Title: Symbols, Numbers, & Pictures: Calculus Beyond the Mechanics
Isaac Newton once described people who can do some calculus—but don’t really understand what it’s about—as vulgar mechanicks. When new or different problems arise, said Newton, such people are “at a standstill.”
Calculus students’ difficulties are sometimes attributed to lack of traditional rigor in, say, developing the fundamental limit concept. My diagnosis is different. Calculus students, in my view, are often kept “at a standstill” by seeing the subject presented too narrowly, as a collection of symbolic recipes applied to symbolic formulas. Numerical and geometric points of view, by comparison, may be given short shrift, or be sealed away in obscure textbook corners.
Symbols and symbolic operations are important, but so are geometric and numerical insights. Sometimes the latter are downright indispensable, even for handling the most straightforward-seeming problems. With modest help from technology, graphical and numerical methods become practically feasible and educationally valuable. I’ll illustrate these claims with concrete examples, drawn from derivatives, integrals, and infinite series.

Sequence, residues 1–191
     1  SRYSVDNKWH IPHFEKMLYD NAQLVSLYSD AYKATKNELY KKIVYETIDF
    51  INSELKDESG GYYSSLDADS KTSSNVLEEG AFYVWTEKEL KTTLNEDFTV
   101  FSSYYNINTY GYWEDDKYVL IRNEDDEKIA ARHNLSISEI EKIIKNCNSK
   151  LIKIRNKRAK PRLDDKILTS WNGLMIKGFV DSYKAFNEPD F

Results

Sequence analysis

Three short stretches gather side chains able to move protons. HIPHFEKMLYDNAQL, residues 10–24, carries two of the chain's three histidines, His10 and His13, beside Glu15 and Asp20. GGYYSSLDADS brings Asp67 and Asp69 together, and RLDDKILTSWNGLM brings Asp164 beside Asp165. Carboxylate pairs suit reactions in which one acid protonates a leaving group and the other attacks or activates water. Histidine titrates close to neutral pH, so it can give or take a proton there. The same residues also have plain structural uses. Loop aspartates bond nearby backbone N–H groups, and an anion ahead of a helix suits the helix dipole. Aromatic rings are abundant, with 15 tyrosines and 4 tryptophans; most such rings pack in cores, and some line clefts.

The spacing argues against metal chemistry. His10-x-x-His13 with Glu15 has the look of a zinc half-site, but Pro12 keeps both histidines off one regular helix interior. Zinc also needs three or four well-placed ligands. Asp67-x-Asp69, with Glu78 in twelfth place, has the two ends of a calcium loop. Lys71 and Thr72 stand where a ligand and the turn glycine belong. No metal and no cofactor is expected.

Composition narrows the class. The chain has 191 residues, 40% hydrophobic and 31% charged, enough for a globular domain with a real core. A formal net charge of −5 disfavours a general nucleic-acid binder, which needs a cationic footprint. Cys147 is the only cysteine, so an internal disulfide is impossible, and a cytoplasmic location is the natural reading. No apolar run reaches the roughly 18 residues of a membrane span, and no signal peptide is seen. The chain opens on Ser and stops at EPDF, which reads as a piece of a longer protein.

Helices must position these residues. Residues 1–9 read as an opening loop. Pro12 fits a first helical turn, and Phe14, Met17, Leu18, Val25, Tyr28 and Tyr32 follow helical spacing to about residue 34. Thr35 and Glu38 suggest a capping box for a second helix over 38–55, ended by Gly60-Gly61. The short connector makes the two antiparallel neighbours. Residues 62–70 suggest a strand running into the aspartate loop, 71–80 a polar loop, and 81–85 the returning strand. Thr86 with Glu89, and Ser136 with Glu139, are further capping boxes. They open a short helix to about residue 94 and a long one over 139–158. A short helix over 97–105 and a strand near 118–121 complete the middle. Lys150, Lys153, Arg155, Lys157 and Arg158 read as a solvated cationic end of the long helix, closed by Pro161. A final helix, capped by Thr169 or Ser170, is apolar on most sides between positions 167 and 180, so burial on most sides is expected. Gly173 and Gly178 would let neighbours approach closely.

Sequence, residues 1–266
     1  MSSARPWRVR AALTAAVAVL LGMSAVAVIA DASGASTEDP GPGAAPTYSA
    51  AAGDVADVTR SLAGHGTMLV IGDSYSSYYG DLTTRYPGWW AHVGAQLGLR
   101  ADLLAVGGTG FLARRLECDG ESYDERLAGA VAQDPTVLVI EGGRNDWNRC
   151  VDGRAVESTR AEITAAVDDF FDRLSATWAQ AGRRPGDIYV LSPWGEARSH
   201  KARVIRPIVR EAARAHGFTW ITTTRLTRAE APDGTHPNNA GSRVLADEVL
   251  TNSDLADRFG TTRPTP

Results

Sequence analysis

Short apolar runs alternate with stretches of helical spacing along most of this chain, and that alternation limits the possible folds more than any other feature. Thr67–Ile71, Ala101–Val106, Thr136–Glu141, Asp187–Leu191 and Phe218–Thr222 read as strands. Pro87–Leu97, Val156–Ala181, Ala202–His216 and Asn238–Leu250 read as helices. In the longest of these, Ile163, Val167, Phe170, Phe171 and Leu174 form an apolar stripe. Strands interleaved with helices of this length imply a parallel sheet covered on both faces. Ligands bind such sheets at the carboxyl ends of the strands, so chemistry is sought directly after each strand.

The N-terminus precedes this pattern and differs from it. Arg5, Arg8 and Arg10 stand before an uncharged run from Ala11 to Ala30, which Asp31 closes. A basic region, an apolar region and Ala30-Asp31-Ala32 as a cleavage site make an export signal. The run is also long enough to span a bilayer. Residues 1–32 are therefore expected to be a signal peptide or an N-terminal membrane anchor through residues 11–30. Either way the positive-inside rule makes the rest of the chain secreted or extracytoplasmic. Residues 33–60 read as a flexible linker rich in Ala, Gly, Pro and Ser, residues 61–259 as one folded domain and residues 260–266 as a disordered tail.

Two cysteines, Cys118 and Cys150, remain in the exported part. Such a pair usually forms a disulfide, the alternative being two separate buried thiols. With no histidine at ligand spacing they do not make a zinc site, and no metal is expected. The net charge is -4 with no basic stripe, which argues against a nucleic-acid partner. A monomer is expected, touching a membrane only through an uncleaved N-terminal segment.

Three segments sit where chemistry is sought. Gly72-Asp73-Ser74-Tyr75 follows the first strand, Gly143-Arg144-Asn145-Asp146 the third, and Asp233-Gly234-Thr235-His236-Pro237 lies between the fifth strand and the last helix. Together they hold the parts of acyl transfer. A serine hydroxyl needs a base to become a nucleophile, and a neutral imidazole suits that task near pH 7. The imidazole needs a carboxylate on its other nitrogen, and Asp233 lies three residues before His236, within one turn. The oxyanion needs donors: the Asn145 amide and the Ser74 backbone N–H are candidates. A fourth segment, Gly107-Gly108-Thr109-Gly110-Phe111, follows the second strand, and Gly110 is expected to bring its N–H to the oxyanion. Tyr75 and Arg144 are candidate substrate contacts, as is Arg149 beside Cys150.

Systematically combining symbolic, numerical, and graphical points of view on calculus can help assure, I’ll argue, that students take Newton’s advice, to remain not “at a standstill” but “never at rest.”